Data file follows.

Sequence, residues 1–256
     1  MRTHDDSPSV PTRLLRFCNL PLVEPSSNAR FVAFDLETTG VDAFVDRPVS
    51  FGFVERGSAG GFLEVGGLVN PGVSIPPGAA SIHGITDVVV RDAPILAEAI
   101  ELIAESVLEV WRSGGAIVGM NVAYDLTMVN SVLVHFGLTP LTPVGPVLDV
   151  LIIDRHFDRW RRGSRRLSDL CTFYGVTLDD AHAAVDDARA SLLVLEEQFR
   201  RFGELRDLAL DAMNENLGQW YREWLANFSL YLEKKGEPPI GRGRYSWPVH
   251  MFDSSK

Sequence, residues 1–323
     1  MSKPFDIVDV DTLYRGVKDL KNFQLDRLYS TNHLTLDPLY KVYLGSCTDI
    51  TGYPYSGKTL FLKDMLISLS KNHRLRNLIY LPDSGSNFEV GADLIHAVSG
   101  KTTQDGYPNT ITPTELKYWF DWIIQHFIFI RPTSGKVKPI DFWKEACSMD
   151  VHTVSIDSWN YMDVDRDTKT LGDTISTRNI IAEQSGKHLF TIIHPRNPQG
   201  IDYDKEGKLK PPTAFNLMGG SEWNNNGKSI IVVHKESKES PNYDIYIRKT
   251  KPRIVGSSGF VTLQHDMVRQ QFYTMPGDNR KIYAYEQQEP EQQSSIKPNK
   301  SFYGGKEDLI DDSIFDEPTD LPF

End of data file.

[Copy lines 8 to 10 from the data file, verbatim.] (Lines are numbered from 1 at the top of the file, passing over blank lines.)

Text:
Sequence, residues 1–323
     1  MSKPFDIVDV DTLYRGVKDL KNFQLDRLYS TNHLTLDPLY KVYLGSCTDI
    51  TGYPYSGKTL FLKDMLISLS KNHRLRNLIY LPDSGSNFEV GADLIHAVSG